WEPS: You say that you are a feminist economist. How would you define Feminist Economics?
Hélène Périvier: Feminist Economics considers economics from a gender equality perspective. On the one hand this approach interrogates the economics’ analytical framework from a feminist standpoint. On the other hand, it contributes to building knowledge to promote gender equality i.e by studying and documenting gender differences.
It works in both directions because economics has a positivist dimension (that aims to study individuals behaviors) and a normative one (to help improve wellbeing and build a “good and fair” society and this necessitates to describe what we consider as fair). Moreover, feminism has a scientific dimension because it has its own analytical framework and tools to describe and quantify gender inequalities and discriminations. as with any scientific field, many controversies emerge among feminist scholars. Linking economics and feminism is necessary because they are interlinked and bring to one another conceptually.
WEPS: Is Feminist Economics a field that is also defined by the methods it is using ? Does it oppose the neoclassical model?
HP: The feminist perspective is transversal and cannot be restricted to a method, a theoretical frame nor to a specific school of thought. Feminist economics is often defined in opposition to the conceptual framework of the neoclassical model, with a critique of the concept of rationality and of the homo œconomicus paradigm. But there are neoclassical feminist thinkers using this framework to shed light on gender inequalities .
Nevertheless, one major criticism that can be addressed to the neoclassical model is not the concept of rationality in itself but rather the fact that rationality is taken for granted. The neoclassical conceptual framework rarely questions the conditions in which individuals can exert their rationality. This blind spot does not allow to highlight the different forms domination can take and this is a key contribution with feminist economics. When looking at the methods used in feminist economics studies, we clearly see they are very varied and it gives to this field a subversive dimension!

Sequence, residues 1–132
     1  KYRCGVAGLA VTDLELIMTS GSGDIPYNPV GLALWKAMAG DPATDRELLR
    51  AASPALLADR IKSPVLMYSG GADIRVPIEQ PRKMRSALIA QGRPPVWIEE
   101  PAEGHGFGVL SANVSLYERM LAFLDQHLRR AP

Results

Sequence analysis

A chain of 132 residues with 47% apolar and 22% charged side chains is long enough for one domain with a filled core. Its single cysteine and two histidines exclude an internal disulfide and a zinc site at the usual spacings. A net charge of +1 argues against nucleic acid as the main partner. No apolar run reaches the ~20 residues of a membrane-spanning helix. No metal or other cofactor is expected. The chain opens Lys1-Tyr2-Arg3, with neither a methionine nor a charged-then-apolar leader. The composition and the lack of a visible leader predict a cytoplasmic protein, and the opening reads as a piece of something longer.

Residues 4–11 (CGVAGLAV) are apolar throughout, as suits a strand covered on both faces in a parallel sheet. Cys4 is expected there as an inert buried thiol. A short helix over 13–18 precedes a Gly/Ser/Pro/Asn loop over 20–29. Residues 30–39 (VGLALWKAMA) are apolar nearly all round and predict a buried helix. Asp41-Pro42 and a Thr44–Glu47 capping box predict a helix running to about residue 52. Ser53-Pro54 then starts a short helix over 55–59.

WEPS: Women economists are quite absent from economic history. How to make their contributions more visible?
HP: There is now much evidence highlighting the contribution of women to economics and aiming to make these contributions more visible (see for instance pioneer research by Evelyn Forget and her coauthors). In my book, I focus on three French women who worked on economic topics but did not received recognition in the History of Thought.
Flora Tristan, an utopist-socialist, worked on the idea of an international working class association ( before Karl Marx and Friedrich Engel!) and that this should include gender equality.
Julie-Victoire Daubié was the first woman to pass the baccalaureate and worked a lot on education and training.
Finally, Clémence Royer, was the first to translate Charles Darwin’s book The Origin of Species. She worked on many economic issues such as taxation and even won a prize before Leon Walras on that topic! Already at their time, these women contributed to producing knowledge and reflecting on gender imbalances and more broadly they contributed to the knowledge in economics. They should be acknowledged for that.
In general, women have often been excluded from academic institutions. But if we consider that economists are the ones pushing the frontier of knowledge and taking part in the scientific controversies of their time, these women truly are part of the field.
WEPS: Today, what kind of barriers to women’s recognition or visibility do you identify?
HP: In the first place, women are less visible because they are less numerous, compared to other social sciences. So the question is: why are there so few women in economics?
Regularly, the “self-censorship” of women is presented as the main issue : but this is a problematic black box. I believe people are rational, at least at a certain point, and do not simply say “I would like to do that but I won’t”. If they do not, it is because they feel that the environment is not fully welcoming, that there will be more obstacles. This is well documented by sociology. I think that in economics, young women do not experience the same way as their male colleagues (as shown by Alice Wu’s work).
So, to increase women’s visibility, we must act on the number of women in economics, maybe through effective role model policies, but also on the economic environment in itself, in order to offer a safer and more inclusive space, including by producing research on those mechanism.